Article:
I woke up early, before the second moon had risen, and looked outside my small porthole window. It looked like it was going to be a bright night out, and I was undoubtedly excited. I loved nights like this, when it was bright and you could see miles on end. I found it fun to go exploring during them.
As excited as I was for the upcoming night, I did not have enough motivation to get out of my hammock. It was soft, made from some sort of wool, and it was noticeably cooler on the floor. I ended up staring at the ceiling for ten, fifteen, maybe thirty minutes. It was a wonderful way to procrastinate.
Finally, I decided that enough was enough, and that I had to get out of bed one night or another if I was going to do anything before the suns rose. Rolling off my hammock and landing on silent feet, I slipped down the stairs and out the back door unnoticed. My family did not like when I went out for the entire night, preferring it when I stayed in my room and studied. They said that it was safer, and if I did not, a dragon was going to come eat me or some sort.
I did not care. And even though they meant it as a threat, I thought it might interest me to see a dragon up close. Or a Bird. Like a Pink Crested Finch. I loved the birds of my planet; we had the fullest skies of any planet in our archipelago. Between our giant insects - dragonflies, butterflies and moths - the bat-like species - mainly bats and dragons - and my favourite, our hundreds of thousands of varieties of beautifully coloured birds clothed in the most extravagant patterns out there. They are the most colourful of skies.
My love of birds had led me to go exploring in the vast jungles outside my parents’ estate. I had been running off during the night for several seasons now, and whenever my family, mainly my parents, asked, I was studying in nature for a change of pace… even though I never brought my books with me.
During my trips I had made a cute and cosy tree-cottage. I built it out of logs that I had cut in half and laid down in the canopy of a strong beech tree, making a sturdy home despite its strange positioning in the air.
It was truly amazing, although it was incredibly difficult to engineer. I spent hours trying to figure out a way to keep it elevated. I really wanted it to be a tree-cottage, not a cottage next to trees.
Nearby to my tree-cottage, maybe a five-minute walk, there was a huge sweetberry patch with a stream running next to it. There I could get some snacks and water for when I was working on various projects. It delighted me to have such a pleasant set up; it was amazing.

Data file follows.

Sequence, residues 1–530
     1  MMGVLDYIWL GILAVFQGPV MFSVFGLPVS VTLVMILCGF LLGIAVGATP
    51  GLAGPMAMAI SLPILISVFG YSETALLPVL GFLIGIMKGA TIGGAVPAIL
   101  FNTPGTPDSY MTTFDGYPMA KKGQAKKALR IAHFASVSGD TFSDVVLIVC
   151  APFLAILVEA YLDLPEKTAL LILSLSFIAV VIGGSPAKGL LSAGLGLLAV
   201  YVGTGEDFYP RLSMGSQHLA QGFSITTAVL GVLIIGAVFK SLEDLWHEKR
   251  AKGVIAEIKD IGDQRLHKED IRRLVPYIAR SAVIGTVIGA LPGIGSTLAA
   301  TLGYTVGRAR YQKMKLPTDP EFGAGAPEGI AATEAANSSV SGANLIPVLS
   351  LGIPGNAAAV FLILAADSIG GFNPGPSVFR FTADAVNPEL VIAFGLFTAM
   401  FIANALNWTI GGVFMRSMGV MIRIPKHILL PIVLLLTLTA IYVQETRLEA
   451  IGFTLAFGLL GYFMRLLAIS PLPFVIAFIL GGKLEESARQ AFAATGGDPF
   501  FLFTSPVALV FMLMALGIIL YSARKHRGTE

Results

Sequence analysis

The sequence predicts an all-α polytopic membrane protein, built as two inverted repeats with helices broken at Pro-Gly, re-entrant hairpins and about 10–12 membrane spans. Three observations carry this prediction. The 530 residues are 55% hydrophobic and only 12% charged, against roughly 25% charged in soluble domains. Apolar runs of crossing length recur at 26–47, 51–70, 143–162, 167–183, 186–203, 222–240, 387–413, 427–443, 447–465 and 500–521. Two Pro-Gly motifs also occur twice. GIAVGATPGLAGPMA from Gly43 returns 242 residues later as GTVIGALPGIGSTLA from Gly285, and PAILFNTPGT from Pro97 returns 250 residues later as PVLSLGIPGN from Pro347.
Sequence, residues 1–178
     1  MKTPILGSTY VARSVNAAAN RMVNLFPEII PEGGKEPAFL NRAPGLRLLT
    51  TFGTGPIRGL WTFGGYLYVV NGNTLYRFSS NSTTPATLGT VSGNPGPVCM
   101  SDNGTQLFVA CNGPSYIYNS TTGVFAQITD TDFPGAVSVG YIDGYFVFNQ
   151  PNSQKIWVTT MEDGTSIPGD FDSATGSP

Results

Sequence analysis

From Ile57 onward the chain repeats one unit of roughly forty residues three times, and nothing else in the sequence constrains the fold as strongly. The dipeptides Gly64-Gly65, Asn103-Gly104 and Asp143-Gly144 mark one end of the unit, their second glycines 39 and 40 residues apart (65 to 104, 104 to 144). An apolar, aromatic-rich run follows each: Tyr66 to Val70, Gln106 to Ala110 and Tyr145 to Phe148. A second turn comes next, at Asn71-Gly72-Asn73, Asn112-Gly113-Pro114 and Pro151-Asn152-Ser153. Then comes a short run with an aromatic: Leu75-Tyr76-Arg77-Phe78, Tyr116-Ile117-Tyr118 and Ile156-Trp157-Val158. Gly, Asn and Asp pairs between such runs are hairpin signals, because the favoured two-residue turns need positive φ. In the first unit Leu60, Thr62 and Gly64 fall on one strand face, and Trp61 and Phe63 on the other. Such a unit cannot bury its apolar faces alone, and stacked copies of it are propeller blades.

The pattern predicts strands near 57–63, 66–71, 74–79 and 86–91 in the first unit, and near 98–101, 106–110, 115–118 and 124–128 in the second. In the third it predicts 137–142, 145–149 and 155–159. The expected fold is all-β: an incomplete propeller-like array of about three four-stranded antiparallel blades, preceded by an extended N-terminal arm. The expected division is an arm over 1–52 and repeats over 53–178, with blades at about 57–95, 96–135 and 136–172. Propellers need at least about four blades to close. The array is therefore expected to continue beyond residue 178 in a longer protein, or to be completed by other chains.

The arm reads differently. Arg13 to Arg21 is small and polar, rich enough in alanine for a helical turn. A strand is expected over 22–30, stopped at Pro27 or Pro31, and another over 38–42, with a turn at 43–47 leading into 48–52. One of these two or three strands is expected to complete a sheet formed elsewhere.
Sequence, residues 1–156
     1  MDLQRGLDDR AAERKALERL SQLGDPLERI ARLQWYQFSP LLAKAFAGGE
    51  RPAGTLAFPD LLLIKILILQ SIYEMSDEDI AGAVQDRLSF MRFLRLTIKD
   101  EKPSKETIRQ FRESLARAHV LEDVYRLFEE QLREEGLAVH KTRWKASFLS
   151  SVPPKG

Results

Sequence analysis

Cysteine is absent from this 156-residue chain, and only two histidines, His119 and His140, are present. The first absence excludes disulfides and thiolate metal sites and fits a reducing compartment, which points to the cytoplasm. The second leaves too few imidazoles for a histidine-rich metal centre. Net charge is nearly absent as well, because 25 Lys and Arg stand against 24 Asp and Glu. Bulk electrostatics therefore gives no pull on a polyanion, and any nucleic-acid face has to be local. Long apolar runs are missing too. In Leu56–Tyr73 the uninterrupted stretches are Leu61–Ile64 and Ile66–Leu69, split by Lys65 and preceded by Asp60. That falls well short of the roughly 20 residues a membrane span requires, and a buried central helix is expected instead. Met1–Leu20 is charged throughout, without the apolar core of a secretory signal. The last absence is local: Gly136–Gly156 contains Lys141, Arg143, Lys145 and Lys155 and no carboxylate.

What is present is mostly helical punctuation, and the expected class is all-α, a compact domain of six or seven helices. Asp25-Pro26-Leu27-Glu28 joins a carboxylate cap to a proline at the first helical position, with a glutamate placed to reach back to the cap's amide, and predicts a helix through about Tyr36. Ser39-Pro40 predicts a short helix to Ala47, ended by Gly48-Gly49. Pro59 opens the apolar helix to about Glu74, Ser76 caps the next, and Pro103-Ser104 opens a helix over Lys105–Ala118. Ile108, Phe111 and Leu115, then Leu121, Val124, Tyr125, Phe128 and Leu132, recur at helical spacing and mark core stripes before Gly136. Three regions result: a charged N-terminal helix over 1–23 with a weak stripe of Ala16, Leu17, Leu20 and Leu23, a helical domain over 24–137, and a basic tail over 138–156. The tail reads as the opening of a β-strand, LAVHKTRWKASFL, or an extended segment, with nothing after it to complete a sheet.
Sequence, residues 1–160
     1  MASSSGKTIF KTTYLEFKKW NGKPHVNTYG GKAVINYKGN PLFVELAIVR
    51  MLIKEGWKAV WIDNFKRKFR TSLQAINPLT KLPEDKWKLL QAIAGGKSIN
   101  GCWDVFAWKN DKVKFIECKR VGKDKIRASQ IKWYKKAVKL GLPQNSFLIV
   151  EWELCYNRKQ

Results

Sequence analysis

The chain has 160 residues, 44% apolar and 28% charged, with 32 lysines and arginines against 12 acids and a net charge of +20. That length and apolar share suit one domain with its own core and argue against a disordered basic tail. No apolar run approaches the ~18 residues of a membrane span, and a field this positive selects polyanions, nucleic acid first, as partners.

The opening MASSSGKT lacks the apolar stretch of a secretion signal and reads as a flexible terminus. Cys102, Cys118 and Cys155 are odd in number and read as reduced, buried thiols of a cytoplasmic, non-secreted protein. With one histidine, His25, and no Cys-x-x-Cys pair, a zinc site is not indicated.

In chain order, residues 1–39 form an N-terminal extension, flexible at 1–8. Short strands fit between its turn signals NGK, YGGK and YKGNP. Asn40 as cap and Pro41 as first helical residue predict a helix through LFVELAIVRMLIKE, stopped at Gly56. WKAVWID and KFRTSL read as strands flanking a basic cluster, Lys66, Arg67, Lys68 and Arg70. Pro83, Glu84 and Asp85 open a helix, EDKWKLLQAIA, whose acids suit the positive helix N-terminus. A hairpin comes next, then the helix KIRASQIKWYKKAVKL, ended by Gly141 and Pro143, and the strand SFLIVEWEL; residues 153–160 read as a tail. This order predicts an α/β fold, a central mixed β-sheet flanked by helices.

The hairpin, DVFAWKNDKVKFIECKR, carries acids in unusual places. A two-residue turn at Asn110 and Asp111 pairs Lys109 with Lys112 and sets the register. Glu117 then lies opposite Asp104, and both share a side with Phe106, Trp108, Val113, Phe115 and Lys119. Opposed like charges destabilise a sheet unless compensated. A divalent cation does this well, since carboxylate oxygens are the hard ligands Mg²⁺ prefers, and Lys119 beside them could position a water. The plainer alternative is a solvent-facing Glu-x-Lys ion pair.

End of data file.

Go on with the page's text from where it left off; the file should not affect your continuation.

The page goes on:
Other than that, it was really lonely there all by myself. My current mission was to find something, hopefully a bird of sorts, to make me company. Maybe I could train it too.
Maybe a mountain goer would be fun. I had heard that they were taller than the tallest tree and it could fly me around the planet. Or maybe a little blue song bird who could sing songs and sit on my shoulder as I walked through the trees.
Suddenly, and inconveniently, I realised that I had spaced out during my walk to my tree-cottage. I discovered this small inconvenience in two ways. First, I was nearing the strawberry patch, meaning I had overshot and was off course in the beginning. The second reason that was brought to my attention was by my world flipping over itself, and my falling face first on the mossy ground. I shot up, startled. I looked around to see if I could identify what I had tripped on. At first glance, I saw nothing, but when I stopped looking for a branch and started looking for a rock or a root, I saw a strange-looking rock.
It appeared to be a large, light grey river stone. The only difference was that it looked like black scorch marks dancing around its top and bottom, like it had been sitting in a fire. However, there were no signs of a fire anywhere in the vicinity, and even though the closest water source was a ways off, it was too far for it to be easy to move the large stone.
Both confused and curious, I stepped closer, hoping to figure out how it got there or what it was, as it definitely was not a river stone. I circled it and tried to think of how it could have got there.
It must have arrived during the day, as I had been to my fort not twelve hours ago, meaning whoever left it there must have done so during the blazing hours of day, which I thought unlikely.